• JLH

    Nice catch, but in all fairness to Google, this certainly isn’t the first time they’ve had two sets of rules for the little people and for those who have connections. What would be news if they treated all sites the same.

  • Joe Duck

    Barry it’s another good Google “gotcha” and shows that Google often implements the rules inconsistently. This is one of many reasons it would be nice to see pressure from you, Danny, SEW, WMW, SearchEngineLand to get Google to create a “Chief of Collateral Damage” who would help examine the ways the algo sometimes punishes “good” sites while rewarding “cheating” sites as they have here.

  • The Car Geek

    I think I already visited that site and it was a really cool site… Changing, adding, replacing your choosen VW aftermarket part and automatically computes for the cost of the VW was the coolest part of that site.. I did not noticed that they already broke some rules of the Google which regards in using html codes…

  • seoimage

    In fairness to Google, you cannot expect them to check every site before they will except ad or partnership dollars?

    Perhaps the Googlers like their VWs but not their BMWs?

  • http://www/ Neuro


    It would be ok if they where sniffing the flash and displaying text to a non flash browser.

    VW do seem to have a habbit of breaking the rules.

    Though I wonder if its a lame atempt to handle nonflash browsers.

    What is it with car manafacturuers and flash what does say ttremastered do for audi’s brand.

  • Philipp Lenssen

    Google pinged them and VW quickly changed it:

    Question: Does Google reach out to all sites with hidden text before they ban them, or just to big ones?

  • Eugeniu

    Why do they hide content , there is a “legal” way to hide it . They can just place a small button and onclick will show the content :)

  • follett

    Just one small point -
    The Car Geek….
    I read your comments above (and of course noted the nifty little link that you have added in your post)
    Thanks for the 3x spam comments which you tried to add to my blog this am.
    It’s getting a little tiresome…

    I think I already visited that site and it was a really cool site… Changing, adding, replacing your choosen VW aftermarket part and automatically computes for the cost of the VW was the coolest part of that site.. I did not noticed that they already broke some rules of the Google which regards in using html codes…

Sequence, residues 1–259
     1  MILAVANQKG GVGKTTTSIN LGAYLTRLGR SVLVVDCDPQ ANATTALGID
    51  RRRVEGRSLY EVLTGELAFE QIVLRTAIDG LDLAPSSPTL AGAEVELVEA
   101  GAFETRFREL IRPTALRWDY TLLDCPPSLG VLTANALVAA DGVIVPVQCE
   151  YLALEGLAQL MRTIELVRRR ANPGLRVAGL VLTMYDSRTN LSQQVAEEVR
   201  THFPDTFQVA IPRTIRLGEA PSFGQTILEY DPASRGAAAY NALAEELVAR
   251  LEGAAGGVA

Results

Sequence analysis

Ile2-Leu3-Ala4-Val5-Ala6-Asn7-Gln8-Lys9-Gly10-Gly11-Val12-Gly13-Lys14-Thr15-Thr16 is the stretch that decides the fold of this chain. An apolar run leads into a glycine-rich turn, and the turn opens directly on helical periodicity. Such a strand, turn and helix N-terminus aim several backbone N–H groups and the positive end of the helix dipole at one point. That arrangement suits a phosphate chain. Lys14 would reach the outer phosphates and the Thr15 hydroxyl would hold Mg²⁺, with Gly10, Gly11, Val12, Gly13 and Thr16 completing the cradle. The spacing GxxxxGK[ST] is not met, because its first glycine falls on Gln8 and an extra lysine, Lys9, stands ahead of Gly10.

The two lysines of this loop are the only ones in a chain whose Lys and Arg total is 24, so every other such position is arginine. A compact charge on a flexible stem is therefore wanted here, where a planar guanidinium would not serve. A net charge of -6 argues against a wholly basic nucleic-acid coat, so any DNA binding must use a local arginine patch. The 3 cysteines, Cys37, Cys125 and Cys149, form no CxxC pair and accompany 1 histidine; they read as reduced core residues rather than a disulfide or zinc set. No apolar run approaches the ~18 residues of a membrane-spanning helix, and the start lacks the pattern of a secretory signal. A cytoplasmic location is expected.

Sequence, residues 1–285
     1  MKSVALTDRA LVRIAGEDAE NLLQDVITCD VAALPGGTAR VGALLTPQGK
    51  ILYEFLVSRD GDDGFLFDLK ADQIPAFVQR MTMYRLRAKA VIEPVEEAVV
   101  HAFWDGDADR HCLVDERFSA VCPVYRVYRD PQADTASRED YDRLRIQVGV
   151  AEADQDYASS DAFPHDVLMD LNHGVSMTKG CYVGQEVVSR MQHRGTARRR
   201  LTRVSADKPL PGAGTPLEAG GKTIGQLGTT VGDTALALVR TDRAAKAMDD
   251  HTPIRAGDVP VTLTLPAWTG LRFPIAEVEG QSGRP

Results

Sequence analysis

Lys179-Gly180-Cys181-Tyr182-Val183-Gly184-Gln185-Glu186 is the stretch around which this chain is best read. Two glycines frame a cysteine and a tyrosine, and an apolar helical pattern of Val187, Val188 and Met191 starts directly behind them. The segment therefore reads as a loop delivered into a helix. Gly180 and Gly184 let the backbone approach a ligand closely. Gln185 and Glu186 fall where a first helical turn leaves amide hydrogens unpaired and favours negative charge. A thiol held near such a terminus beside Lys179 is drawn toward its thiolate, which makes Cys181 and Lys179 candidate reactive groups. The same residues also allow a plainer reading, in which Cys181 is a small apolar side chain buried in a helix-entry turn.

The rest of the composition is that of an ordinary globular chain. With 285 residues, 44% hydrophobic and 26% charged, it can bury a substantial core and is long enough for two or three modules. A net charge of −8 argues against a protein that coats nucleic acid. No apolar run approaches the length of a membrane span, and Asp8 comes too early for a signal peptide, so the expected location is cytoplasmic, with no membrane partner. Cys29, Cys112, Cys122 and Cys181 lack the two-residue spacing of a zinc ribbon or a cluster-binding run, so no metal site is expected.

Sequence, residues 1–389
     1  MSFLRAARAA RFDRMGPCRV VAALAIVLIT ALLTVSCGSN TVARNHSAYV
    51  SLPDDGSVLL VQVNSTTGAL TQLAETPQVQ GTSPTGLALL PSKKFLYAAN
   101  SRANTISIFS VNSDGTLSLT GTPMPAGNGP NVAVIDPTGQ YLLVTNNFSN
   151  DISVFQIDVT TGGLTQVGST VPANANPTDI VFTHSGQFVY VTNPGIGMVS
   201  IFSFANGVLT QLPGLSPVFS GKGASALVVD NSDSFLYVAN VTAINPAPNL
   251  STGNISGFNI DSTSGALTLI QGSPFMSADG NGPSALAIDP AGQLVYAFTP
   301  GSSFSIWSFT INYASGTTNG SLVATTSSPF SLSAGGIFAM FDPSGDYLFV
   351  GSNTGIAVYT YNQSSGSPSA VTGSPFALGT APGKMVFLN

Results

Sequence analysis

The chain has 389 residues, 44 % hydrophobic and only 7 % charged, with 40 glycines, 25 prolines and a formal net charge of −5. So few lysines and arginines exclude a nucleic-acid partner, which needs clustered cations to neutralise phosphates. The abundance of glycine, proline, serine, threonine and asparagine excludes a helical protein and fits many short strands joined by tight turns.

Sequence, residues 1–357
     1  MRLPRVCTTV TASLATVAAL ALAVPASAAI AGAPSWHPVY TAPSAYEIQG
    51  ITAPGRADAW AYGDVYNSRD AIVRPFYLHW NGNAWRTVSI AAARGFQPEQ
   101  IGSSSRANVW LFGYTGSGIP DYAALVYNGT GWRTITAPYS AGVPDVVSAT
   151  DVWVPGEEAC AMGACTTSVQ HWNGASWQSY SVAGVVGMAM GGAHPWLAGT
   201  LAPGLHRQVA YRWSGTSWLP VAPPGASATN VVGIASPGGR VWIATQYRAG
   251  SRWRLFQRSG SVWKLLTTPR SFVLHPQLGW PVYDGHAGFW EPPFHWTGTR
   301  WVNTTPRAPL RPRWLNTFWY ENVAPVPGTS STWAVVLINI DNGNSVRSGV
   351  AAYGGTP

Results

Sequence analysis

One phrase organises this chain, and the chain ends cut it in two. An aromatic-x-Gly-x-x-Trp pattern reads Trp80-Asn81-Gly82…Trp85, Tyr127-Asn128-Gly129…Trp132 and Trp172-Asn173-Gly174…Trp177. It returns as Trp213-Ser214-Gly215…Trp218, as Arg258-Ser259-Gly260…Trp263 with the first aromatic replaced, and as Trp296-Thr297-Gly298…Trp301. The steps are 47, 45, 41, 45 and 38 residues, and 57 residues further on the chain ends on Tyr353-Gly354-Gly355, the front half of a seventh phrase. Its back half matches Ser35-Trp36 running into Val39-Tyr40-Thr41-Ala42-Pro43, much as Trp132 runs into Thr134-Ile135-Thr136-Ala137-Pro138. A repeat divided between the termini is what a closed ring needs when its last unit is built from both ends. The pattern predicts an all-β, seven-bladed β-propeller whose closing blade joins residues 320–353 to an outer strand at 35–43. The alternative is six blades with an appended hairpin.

• ceggi


    I can’t see the with the class “invisibleContent” in the VW source code. I’m on and viewing the “Page Source” using Firefox. When I look at the CSS file, I do see the “invisibleContent” tag, but I’d like to know how to see the we’re talking about in the source code as well. . .

    Can you let me know what I’m missing?


  • ceggi

    Re-posting my question since it came out wrong–sorry for the duplication.

    I’d like to know how to view the div we’re talking about in the source code. I can see the “invisibleContent” class in the CSS, but not the div that contains the invisible text. I’m using “View Source” in the Firefox browser. Do I need a different tool to see the div? Or has VW already removed it?


  • savage

    ceggi, yes they took it down already. read all comments before leaving your own.

    “In fairness to Google, you cannot expect them to check every site before they will except ad or partnership dollars?”

    i thought google’s core function was “checking sites” ?? a company who is going to “organize the world’s information” should be able to handle “checking every website” right?

  • CVOS

    It looks like VW is quite embarassed over this. Did they hire a shady SEO firm or was hidden text the brilliant idea of the VP of marketing?

    Either way, you can see the old cached version here (it wont last long):
    vw cached spam

    the current page disallows caching. This will be interesting: VW doesn’t want search engines to cache its pages? They go from spamming for dollars to blocking indexing spiders?

    their code:
    meta http-equiv=”Pragma” content=”no-cache”

  • seekXL

    a good new design, but the tagcloud never change? static tagcloud?